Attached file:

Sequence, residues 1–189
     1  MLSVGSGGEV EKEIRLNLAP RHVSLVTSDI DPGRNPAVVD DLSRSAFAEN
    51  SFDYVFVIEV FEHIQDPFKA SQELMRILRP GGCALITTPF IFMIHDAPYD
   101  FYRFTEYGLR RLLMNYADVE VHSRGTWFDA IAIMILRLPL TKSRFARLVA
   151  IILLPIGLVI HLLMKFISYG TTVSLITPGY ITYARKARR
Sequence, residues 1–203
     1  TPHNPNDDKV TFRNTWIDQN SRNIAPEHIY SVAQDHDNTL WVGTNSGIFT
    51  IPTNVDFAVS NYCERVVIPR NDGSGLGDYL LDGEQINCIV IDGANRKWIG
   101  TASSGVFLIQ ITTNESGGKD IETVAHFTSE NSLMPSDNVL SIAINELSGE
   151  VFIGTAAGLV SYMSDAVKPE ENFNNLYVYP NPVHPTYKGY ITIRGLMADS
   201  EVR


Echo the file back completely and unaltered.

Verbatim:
Sequence, residues 1–189
     1  MLSVGSGGEV EKEIRLNLAP RHVSLVTSDI DPGRNPAVVD DLSRSAFAEN
    51  SFDYVFVIEV FEHIQDPFKA SQELMRILRP GGCALITTPF IFMIHDAPYD
   101  FYRFTEYGLR RLLMNYADVE VHSRGTWFDA IAIMILRLPL TKSRFARLVA
   151  IILLPIGLVI HLLMKFISYG TTVSLITPGY ITYARKARR
Sequence, residues 1–203
     1  TPHNPNDDKV TFRNTWIDQN SRNIAPEHIY SVAQDHDNTL WVGTNSGIFT
    51  IPTNVDFAVS NYCERVVIPR NDGSGLGDYL LDGEQINCIV IDGANRKWIG
   101  TASSGVFLIQ ITTNESGGKD IETVAHFTSE NSLMPSDNVL SIAINELSGE
   151  VFIGTAAGLV SYMSDAVKPE ENFNNLYVYP NPVHPTYKGY ITIRGLMADS
   201  EVR